He was asked if he thought the separations did in fact deter people from crossing into the U.S.
“It might be (deterring them), (but) do we want to see (apprehension) numbers drop at that price, punishing people by taking their kids away from them,” he said. “There’s no good reason to do this, including “trying to send the message,” back to Central America not to make this journey, nothing justifies what we’re doing right now.
Sessions, who used a case involving a victim of domestic violence to rule that survivors of such “private” crimes are not eligible for asylum under U.S. law, has the power to issue decisions that serve as binding precedents for immigration judges.
The congressman said he was disappointed and that it was counterproductive.
“I’m absolutely so disappointed in this administration in making this decision, it is not in the best interest of this country, much less those women fleeing that violence,” O’Rourke said.
O’Rourke’s visit also comes at a time in Washington where a moderate contingency of Republican lawmakers work to force a House vote on bipartisan immigration legislation — specifically a program to replace the Deferred Action for Childhood Arrivals, or DACA, an Obama-era executive action program that gives protections to nearly 800,000 that was rescinded by the Trump Administration last September.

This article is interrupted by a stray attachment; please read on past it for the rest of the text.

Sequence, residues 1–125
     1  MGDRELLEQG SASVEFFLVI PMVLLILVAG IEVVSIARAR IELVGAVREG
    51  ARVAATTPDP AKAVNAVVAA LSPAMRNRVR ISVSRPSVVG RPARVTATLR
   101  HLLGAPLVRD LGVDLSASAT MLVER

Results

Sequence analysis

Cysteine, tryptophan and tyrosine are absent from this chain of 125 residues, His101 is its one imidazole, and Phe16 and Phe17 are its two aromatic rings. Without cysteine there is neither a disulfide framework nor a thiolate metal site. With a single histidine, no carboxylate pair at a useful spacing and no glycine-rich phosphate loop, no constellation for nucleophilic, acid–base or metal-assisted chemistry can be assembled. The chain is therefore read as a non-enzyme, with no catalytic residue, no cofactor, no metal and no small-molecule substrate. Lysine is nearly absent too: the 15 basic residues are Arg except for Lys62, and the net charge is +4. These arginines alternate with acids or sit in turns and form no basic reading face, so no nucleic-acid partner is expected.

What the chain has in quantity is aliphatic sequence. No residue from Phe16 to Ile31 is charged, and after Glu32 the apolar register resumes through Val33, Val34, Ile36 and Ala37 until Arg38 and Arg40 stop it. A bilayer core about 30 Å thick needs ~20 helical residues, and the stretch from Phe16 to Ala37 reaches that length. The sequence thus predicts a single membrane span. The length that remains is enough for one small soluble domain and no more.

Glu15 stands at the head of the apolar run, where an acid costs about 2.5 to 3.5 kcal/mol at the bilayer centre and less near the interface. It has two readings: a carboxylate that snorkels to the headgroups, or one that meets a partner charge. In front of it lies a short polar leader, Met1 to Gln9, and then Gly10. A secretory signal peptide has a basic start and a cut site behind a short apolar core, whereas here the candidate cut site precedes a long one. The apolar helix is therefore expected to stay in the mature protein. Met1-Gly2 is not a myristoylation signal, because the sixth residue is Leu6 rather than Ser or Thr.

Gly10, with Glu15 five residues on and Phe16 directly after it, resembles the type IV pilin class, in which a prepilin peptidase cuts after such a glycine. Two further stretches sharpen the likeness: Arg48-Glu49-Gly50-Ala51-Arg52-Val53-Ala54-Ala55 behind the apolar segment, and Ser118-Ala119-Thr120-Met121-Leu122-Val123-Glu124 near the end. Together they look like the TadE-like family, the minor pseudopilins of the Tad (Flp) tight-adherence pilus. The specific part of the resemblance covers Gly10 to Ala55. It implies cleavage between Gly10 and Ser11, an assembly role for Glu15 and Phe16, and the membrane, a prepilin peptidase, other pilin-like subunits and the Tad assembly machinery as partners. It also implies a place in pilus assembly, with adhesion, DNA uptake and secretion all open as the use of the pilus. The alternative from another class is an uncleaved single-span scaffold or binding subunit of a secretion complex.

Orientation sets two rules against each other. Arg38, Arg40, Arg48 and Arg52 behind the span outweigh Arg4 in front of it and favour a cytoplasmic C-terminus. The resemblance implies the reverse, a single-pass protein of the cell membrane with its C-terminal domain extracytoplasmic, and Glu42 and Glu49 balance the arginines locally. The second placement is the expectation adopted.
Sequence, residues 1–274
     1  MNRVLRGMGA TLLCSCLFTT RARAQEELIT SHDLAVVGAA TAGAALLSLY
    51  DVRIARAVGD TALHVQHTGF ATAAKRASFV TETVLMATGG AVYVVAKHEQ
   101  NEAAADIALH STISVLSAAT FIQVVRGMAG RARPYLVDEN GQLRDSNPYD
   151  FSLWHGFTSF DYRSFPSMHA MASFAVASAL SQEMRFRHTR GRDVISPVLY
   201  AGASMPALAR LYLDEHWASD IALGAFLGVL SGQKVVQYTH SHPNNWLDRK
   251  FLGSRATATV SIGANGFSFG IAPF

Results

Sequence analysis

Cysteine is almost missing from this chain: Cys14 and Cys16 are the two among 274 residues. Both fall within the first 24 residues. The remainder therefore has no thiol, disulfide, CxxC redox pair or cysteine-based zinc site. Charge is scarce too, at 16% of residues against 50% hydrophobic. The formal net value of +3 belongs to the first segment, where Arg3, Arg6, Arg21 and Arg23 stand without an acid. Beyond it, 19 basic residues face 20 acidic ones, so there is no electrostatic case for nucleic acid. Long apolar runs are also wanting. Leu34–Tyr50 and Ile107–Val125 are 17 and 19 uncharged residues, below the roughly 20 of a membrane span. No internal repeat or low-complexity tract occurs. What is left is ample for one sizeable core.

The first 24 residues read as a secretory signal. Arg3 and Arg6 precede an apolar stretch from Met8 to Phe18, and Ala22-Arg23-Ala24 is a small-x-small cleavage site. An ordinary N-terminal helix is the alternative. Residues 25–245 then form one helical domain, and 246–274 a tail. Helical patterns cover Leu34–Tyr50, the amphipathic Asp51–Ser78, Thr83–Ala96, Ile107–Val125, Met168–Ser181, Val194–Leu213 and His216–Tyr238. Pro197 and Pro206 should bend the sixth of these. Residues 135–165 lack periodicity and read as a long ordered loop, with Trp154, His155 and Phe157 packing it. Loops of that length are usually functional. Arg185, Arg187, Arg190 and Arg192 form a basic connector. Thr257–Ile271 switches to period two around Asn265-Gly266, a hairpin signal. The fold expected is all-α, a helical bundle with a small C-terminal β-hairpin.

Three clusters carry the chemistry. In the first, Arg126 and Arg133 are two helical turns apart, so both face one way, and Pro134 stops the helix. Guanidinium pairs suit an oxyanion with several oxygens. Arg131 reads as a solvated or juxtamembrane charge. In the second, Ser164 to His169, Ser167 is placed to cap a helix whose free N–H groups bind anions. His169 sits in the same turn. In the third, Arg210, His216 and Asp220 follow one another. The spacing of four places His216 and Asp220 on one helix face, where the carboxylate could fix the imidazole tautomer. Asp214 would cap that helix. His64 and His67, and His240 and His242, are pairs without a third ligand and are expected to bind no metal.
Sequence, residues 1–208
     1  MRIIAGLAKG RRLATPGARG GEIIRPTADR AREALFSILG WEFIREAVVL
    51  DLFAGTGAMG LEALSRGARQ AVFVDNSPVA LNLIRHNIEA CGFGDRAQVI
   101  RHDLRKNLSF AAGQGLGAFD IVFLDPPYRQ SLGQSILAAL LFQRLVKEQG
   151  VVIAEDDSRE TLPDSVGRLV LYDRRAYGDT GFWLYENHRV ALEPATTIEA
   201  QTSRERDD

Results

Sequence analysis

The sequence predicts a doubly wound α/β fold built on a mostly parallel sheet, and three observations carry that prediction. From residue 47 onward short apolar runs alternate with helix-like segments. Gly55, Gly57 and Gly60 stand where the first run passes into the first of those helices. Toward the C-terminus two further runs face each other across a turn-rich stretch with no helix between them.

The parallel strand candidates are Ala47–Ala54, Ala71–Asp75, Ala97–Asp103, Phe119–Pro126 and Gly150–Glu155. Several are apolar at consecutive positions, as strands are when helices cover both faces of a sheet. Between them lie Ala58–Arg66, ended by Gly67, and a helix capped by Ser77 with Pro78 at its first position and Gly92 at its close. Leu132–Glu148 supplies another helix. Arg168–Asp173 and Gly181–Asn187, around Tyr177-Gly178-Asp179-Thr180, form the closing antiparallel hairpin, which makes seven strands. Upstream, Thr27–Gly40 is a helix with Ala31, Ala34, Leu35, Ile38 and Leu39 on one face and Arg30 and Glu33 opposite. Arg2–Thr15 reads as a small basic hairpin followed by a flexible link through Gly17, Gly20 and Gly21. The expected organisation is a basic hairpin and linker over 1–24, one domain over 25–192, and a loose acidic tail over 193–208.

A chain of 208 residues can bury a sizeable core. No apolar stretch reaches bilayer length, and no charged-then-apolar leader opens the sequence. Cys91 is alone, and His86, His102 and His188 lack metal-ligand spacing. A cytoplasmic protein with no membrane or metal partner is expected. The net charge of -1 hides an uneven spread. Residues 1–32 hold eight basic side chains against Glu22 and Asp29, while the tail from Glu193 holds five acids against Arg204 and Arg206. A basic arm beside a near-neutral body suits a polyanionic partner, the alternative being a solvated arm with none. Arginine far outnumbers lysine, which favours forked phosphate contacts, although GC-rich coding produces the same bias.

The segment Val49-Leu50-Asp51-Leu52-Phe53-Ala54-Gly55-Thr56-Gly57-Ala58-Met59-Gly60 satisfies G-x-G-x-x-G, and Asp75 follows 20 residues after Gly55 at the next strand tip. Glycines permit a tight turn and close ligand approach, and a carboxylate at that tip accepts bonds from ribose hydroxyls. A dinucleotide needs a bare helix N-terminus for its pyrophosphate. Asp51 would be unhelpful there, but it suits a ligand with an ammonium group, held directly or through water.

Last week the aforementioned moderate GOP members set a Tuesday deadline for leadership to vote on a bipartisan immigration bill.
O’Rourke is looking forward to a vote coming to the House floor — but is less optimistic about a long term solution to a permanent fix for Dreamers.
He said he did not know what would happen but he’s optimistic an actual debate on these bills will finally be had.
“This is a golden opportunity that we may not see again, those Dreamers hold part of the key to the successful future of this country,” O’Rourke said before leaving to meet with asylum seekers, and parents who have been separated from their children.
Monitor staff writer Mitchell Ferman contributed to this report